Plenty of juice-jacking scare stories, but precious little juice-jacking

Plenty of juice-jacking scare stories, but precious little juice-jacking

Travellers are being told to be wary when plugging their smartphones and laptops into USB chargers.

On Thursday last week, the official Twitter account of the FBI in Denver posted a warning:

Fbi tweet

“Avoid using free charging stations in airports, hotels or shopping centers. Bad actors have figured out ways to use public USB ports to introduce malware and monitoring software onto devices. Carry your own charger and USB cord and use an electrical outlet instead.”

Considering how common it is to see people crowding around plugs at airports, desperately charging their devices before they embark on a long flight, it’s hardly surprising that the FBI’s warning caught the imagination of many in the media.

Juice jacking headlines

But, here’s my question…

Has anyone ever actually had their smartphone “juice-jacked” in the real-world?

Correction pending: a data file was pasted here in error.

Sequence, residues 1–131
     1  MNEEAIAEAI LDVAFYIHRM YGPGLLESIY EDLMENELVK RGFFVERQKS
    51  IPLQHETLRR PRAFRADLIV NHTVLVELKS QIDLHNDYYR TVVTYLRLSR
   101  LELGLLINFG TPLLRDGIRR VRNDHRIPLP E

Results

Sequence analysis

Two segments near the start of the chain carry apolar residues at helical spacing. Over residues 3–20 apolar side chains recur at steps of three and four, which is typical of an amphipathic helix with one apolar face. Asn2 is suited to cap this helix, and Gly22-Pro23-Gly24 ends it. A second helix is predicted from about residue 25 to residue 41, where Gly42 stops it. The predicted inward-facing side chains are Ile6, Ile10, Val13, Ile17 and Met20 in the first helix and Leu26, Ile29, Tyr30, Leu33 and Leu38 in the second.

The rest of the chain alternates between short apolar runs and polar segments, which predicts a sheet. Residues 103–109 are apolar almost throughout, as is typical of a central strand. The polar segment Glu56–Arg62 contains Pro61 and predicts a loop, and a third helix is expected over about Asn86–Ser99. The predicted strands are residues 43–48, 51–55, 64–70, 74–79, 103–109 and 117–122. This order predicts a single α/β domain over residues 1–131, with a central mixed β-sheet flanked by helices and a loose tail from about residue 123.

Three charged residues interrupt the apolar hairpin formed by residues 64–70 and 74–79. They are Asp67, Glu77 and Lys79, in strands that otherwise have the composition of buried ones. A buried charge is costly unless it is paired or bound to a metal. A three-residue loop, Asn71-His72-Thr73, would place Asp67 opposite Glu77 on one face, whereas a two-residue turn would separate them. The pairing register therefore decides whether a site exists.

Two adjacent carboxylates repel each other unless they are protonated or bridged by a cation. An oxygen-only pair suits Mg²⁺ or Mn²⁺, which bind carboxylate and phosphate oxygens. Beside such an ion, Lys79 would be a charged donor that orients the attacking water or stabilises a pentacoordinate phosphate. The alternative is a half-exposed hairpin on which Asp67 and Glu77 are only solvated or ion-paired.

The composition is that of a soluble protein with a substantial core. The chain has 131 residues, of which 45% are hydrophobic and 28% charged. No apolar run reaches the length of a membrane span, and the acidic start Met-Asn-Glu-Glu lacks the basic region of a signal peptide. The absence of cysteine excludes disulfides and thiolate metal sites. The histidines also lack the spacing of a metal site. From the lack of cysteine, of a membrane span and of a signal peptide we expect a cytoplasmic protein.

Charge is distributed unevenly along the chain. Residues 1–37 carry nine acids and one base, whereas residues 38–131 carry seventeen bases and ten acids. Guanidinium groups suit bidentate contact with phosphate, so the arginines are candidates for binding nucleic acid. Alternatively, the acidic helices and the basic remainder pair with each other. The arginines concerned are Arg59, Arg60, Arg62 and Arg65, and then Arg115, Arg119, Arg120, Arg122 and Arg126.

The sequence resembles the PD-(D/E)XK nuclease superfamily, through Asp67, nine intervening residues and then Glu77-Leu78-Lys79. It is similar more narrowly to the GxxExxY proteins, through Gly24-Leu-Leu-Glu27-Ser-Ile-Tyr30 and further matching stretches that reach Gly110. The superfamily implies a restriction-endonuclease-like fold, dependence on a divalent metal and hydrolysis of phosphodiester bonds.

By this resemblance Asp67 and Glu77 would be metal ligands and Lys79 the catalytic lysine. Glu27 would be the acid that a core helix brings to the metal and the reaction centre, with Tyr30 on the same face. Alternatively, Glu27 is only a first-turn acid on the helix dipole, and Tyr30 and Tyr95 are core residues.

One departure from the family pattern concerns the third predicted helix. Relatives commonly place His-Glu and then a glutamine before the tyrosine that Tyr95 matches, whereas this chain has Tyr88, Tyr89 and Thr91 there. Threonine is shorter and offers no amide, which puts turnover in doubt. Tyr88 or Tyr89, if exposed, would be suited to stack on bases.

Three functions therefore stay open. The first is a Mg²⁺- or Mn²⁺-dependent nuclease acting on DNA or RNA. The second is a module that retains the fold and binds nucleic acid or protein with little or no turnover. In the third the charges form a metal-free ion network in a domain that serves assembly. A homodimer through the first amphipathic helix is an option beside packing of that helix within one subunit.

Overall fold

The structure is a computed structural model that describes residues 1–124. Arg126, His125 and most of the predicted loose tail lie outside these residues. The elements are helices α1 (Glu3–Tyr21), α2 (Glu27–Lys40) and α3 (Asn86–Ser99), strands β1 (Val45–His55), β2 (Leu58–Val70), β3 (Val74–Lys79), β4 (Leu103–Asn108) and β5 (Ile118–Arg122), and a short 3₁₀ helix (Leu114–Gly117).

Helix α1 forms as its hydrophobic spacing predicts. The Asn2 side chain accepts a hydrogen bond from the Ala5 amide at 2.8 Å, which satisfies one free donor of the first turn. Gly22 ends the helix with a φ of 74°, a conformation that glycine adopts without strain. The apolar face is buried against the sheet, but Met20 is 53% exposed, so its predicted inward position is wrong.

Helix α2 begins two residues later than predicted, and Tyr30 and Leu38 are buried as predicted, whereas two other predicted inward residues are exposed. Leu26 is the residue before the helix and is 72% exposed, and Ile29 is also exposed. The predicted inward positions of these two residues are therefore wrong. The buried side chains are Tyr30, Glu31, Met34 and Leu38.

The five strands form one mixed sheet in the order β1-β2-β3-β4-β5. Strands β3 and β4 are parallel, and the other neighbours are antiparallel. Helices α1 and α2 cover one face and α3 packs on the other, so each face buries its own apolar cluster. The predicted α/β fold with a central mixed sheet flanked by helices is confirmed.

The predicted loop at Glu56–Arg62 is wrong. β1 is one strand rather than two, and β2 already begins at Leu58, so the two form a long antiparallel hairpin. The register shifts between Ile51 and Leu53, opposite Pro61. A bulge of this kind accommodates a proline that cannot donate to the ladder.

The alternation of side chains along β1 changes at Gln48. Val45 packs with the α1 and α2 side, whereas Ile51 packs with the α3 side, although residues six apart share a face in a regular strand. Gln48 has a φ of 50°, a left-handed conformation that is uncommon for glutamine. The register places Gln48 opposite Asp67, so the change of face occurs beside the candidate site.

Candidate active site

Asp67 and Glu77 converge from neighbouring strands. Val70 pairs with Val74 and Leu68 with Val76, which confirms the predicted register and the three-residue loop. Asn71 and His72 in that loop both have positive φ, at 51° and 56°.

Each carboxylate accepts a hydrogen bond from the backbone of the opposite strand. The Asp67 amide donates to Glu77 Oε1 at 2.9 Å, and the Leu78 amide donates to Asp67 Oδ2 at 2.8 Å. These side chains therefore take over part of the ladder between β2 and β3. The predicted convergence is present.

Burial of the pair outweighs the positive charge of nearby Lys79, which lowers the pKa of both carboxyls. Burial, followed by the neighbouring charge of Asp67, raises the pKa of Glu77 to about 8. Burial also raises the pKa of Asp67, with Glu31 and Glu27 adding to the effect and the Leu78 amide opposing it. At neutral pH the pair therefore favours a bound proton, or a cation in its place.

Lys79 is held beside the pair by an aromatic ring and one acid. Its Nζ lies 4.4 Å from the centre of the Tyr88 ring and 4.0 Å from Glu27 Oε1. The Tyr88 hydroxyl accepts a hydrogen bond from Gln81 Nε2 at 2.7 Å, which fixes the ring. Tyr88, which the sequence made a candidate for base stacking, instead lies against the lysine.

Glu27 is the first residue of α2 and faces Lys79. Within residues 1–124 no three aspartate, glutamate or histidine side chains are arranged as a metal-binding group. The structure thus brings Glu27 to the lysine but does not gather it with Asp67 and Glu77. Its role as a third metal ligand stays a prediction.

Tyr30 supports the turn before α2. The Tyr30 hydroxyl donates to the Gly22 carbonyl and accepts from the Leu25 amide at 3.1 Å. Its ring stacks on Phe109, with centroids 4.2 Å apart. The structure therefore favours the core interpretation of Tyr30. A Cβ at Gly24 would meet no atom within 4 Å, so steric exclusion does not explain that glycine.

Yes, I can imagine that the attack might be theoretically possible, and if you happen to be hanging out with a crowd of penetration testers there’s a chance someone might attempt to fool you into plugging into a malicious USB port that they’ve set up…

…but at a public place? At an airport or shopping centre?

Has the FBI (which kicked off this latest media round of interest in juice-jacking) ever actually seen a real-life instance of someone being maliciously hacked through a USB charger?

Have you, dear reader, ever fallen victim to such an attack? If so, I’d love to hear from you. Leave a message in the comments.

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Oh and by the way, the scare stories about juice-jacking are nothing new. Check out this edition of the “Smashing Security” podcast from 2019, for instance, where cybercrime author Geoff White and I discuss whether it’s really as big a deal as some have made out…

Graham Cluley is an award-winning keynote speaker who has given presentations around the world about cybersecurity, hackers, and online privacy. A veteran of the computer security industry since the early 1990s, he wrote the first ever version of Dr Solomon's Anti-Virus Toolkit for Windows, makes regular media appearances, and is the co-host of the popular "Smashing Security" podcast. Follow him on Twitter, Mastodon, Threads, Bluesky, or drop him an email.

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